Your latest novel, The Highland Lass, holds a special place in your heart. Most of it is contemporary but there are some historical chapters in Highland Mary’s voice. Is she, or perhaps Robbie Burns, a part of the family secret Eilidh has come to Scotland to discover?

The main thrust of the story is that Eilidh has never known who her real father was and needs to try and find the answer. After her mother’s death in America, she discovers a secret love letter in her mother’s book of Burns’ poems signed by the letter R and a photograph that suggests a link to the American Navy at the Holy Loch. Her mother always maintained that Highland Mary was an ancestress and Eilidh feels drawn to the 18th century story. She also feels an affinity with the handsome Scot, Lewis Grant, whom she meets on the flight home to Scotland, as if they have known each other for much longer.

What inspired you to write The Highland Lass?

My mother first introduced me to Highland Mary’s grave in Greenock cemetery when I was a girl and I’ve been fascinated by her ever since. I also enjoyed Burns’ poetry, especially after winning the Burns certificate for recitation in primary school twice! But Mary Campbell was one small part of Burns’ life, with only certain ‘facts’ written over the years. My imagination was fired but I knew I couldn’t sustain a whole novel in the past as I didn’t want it to be about Burns himself. Since Eilidh is a Campbell, she becomes even more fascinated by the story of Robert Burns’ Highland Lass and their love story finds echoes in her mother’s story.

I also wanted to write about my own area of Inverclyde in homage to its beautiful scenery and I was interested in the period when the American Navy was based in the Holy Loch during the 1960s and 70s (and beyond) as many of the young girls on this side of the river went to the dances there and in Greenock – Eilidh’s mother being one of them.

How much research did it require?

The modern part didn’t require so much, as it’s set in all the areas I personally know, though I did need to visit the relevant parts of Ayrshire, just as Eilidh and Lewis do. I’ve been researching the historical details on and off for years and had an article about Burns and Highland Mary published in The Highlander magazine in the USA some years ago. Rather than speak to any descendants of Highland Mary, I preferred to use the letters, poems and non-fiction books to find out about her short time with Burns and how she affected him. This was important to me as the historical parts are completely fictionalised, albeit from the known ‘facts’ and they allowed me to imagine Mary’s voice.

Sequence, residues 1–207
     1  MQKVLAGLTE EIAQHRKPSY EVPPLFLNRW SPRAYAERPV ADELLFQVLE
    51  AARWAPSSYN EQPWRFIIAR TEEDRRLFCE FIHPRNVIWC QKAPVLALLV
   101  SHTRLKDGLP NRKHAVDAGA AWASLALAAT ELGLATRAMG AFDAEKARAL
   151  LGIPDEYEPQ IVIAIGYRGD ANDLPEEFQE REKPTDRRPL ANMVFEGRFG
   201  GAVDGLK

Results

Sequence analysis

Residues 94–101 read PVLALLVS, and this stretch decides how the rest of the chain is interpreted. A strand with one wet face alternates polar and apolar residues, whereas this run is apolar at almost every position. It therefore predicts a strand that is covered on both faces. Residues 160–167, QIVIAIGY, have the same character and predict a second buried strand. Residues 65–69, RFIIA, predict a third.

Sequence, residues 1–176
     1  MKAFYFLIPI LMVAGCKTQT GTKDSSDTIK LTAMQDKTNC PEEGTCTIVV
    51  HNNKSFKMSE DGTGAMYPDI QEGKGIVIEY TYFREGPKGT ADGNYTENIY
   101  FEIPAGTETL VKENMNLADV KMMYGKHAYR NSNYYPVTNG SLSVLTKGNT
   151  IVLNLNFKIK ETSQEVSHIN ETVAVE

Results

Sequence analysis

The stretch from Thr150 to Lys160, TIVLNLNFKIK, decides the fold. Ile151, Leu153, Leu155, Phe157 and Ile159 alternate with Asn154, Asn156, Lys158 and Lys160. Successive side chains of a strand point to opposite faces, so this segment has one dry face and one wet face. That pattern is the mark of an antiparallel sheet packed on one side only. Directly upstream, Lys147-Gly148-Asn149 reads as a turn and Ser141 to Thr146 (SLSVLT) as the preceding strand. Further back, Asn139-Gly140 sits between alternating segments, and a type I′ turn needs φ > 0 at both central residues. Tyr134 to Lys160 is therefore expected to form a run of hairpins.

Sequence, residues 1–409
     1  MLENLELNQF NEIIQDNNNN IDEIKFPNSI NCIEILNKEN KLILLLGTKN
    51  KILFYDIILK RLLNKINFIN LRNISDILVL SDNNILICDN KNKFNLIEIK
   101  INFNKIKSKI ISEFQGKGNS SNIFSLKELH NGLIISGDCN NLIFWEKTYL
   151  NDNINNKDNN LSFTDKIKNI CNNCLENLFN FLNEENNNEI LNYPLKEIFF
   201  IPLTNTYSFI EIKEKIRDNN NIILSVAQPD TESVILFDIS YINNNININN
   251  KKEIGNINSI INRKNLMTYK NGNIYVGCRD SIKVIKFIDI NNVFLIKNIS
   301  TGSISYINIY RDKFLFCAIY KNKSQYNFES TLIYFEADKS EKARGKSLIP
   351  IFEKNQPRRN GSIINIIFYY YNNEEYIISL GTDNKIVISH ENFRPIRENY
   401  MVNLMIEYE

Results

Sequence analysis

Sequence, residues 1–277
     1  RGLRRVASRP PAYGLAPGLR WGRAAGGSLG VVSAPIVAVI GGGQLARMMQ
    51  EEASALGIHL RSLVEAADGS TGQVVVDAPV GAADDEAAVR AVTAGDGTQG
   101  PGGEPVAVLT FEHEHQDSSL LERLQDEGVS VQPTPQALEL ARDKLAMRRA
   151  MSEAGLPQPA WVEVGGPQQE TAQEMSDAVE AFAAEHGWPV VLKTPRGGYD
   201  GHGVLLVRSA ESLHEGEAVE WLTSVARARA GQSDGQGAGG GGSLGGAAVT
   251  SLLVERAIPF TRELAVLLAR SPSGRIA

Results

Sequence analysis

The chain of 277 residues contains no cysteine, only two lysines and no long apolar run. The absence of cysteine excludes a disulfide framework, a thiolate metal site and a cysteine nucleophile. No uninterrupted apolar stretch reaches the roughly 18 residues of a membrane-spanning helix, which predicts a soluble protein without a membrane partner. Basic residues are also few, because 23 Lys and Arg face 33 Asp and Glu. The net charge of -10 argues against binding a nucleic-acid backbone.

What’s your next project?

I’m currently writing the third in my Aphrodite and Adonis series of contemporary novellas, with a touch of mythological fantasy set on Cyprus, for Tirgearr Publishing. At the same time, I have several other novels/novellas (historical and contemporary) awaiting some attention. I’m also writing a Victorian crime novel set around my own area – if I ever get on with the rest of it. Then there are the short stories and articles that are started but not yet finished!

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Author Bio

highland

A prize-winning writer, Rosemary Gemmell’s short stories, articles, and poems have been published in UK magazines, in the US, and online. She is now a historical and contemporary novelist and The Highland Lass is the first novel from Crooked Cat Publishing under her full name. She has also published historical novels and contemporary novellas with a touch of mythological fantasy from Tirgearr Publishing as Romy and tween books as Ros, as she likes to tackle a variety of writing genres and styles.

Rosemary has a BA (hons) in European literature and history and a post-graduate MA in Humanities from the Open University. She is a member of the Society of Authors, the Romantic Novelists’ Association, and the Scottish Association of Writers. She enjoys sharing writing information, and loves to dance!

Author Links

Website: http://www.rosemarygemmell.com

Blog: http://ros-readingandwriting.blogspot.com

Facebook Page: https://www.facebook.com/pages/Romy-Gemmell/1422387704702586

Twitter: https://twitter.com/RosemaryGemmell

Thank you for stopping by and sharing this exciting new book with us. My father may have been born in Aberdeenshire, but he was raised in Inverclyde at The Orphan Homes of Scotland so this part of your beautiful country is very special to me, too.